To be fair, Danica Patrick likely would not get the attention or criticism she gets if she was a male driver in NASCAR.
Virtually everything she does and says, both on and off the track, is scrutinized—oftentimes far too unfairly.
Compare Patrick to, say, Dale Earnhardt Jr. He's now in his 15th full-time Sprint Cup season, and while he's had his share of criticism for not winning championships or, in more recent years, not winning races, Junior has been held above reproach far more than Patrick.
Granted, Patrick draws attention. When videos or stories about her appear online, they're typically the biggest trenders. People just can't seem to get enough of her for a variety of reasons, from being a fan favorite to those who are her harshest critics and consider her nothing more than a novelty.
I have to give Patrick credit: She has endured and put up with more garbage than she should. She realizes her place in the sport, her importance to NASCAR and her sponsors, and she knows that she must toe the line more so than any other driver currently active on the circuit.
But sometimes, when you take a long look at her, you can't help but wonder what she's thinking when she flashes that now-nearly trademark icy stare and just how much she'd love to really say what's on her mind, rather than simply keeping quiet and going forward.
So why is there so much attention being focused on Patrick in her sophomore season on the Sprint Cup circuit? Why is there the perception that she's not going to improve much this season, if not potentially regress?
Is Patrick already in a make-or-break season?
In a sense, I can see why some critics might think that. She's racing for a team that has one guy in Tony Stewart—who just happens to be her boss—who is a three-time Cup champion.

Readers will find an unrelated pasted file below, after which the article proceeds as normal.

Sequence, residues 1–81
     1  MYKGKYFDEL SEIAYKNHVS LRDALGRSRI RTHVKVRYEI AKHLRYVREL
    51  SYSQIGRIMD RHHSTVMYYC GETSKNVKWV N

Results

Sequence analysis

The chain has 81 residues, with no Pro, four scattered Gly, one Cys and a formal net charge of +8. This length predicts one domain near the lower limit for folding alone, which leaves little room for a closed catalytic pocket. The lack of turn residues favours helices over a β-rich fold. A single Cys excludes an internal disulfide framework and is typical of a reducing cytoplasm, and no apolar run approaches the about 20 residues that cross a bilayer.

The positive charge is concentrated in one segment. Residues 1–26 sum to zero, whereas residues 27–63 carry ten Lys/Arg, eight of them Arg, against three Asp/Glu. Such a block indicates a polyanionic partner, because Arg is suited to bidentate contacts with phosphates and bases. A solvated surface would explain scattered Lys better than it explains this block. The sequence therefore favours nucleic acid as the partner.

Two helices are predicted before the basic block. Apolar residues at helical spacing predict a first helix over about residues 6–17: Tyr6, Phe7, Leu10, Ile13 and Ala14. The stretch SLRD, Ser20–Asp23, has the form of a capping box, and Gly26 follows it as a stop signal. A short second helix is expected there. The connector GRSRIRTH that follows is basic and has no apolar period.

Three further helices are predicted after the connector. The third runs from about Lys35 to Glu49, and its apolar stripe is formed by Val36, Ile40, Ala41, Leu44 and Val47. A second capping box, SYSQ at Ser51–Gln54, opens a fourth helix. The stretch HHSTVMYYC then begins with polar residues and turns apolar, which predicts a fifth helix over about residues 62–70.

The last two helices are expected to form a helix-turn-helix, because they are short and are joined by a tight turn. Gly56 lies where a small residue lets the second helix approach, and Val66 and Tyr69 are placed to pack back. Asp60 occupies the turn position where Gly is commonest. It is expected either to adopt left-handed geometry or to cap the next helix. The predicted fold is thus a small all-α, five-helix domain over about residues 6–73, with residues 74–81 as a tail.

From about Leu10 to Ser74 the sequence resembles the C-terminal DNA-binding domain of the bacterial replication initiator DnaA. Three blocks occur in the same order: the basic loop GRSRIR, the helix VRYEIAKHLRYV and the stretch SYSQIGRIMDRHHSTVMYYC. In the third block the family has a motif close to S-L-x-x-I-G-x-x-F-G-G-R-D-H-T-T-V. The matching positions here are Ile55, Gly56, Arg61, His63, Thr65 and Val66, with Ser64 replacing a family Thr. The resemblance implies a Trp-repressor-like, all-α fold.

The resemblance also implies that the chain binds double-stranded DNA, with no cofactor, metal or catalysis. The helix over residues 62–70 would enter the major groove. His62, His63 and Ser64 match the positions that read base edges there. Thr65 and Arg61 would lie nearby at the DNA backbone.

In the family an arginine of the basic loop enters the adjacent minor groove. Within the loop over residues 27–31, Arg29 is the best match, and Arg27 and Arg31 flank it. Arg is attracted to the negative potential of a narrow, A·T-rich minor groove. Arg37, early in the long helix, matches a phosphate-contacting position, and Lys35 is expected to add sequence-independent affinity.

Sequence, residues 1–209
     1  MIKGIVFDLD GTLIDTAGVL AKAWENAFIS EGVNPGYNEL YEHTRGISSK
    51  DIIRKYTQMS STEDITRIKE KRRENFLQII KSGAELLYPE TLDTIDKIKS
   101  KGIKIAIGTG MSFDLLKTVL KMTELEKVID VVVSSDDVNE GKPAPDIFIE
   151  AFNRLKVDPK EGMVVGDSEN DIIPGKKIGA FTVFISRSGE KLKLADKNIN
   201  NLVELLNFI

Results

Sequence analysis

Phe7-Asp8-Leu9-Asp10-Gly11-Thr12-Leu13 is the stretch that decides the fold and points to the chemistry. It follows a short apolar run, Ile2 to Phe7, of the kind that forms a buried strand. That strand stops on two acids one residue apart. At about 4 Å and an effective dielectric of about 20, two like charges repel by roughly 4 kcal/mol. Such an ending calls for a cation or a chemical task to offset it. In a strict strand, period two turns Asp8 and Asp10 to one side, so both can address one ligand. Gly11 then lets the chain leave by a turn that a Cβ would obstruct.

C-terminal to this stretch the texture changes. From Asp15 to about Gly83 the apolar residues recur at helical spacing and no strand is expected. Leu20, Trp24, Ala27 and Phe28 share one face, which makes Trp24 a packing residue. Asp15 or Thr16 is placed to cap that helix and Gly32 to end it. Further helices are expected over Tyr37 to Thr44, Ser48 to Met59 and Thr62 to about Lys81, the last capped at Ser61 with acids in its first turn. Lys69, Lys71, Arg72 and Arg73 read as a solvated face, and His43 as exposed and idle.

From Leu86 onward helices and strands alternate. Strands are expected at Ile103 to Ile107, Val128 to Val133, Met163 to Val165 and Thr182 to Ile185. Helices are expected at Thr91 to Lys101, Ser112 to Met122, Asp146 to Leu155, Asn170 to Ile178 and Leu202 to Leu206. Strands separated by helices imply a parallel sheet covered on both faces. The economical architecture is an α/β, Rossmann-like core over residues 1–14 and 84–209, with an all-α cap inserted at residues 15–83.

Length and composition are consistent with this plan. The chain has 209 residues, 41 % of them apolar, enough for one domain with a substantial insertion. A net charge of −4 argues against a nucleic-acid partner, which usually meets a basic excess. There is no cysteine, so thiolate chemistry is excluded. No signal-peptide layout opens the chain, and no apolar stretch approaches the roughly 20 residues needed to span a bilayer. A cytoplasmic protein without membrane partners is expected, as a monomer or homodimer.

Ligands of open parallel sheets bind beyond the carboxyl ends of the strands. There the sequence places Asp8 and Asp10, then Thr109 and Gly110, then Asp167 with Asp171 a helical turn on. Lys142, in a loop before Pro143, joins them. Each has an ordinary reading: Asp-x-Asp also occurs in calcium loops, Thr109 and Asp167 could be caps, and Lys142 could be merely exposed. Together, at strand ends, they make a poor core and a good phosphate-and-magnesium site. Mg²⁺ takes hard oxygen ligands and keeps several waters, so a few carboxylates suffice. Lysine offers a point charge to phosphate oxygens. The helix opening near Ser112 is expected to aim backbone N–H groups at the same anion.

How much improvement will Danica Patrick show this season?
One of her new teammates, Kurt Busch, is the first driver to win the Chase for the Sprint Cup format back in 2004.
And there's her other new teammate, Kevin Harvick, who woulda, coulda, shoulda been a Cup champion during his 13-year tenure with Richard Childress Racing but never managed to seal the deal.
Oh yes, and let's not forget Harvick is a former Daytona 500 winner, and Busch almost won it once but chose to push then-teammate Ryan Newman to the finish line first.
And then there's Danica, whose short list of Sprint Cup achievements boils down to two: earning the pole for last year's Daytona 500 (she'll start from the back of the pack for this year's Great American Race) and finishing eighth in the same race.
The standards against which Patrick is being measured are unlike those of any other young driver out there. I know it may sound trite to say this, but Patrick's boyfriend, Ricky Stenhouse Jr., who is also in his second full season on the Cup scene, is most definitely not being measured by the same standards his girlfriend is.
(Of course, Stenhouse does have two Nationwide Series championships to his credit, so that adds to his credibility and lack of criticism.)
Which brings us back to the original premise of this column: Will 2014 be the be-all or potentially the end-all season for Patrick? Even though her contract with Stewart-Haas Racing runs through 2015, if she endures another season like 2013, she may have to reconsider this whole NASCAR deal.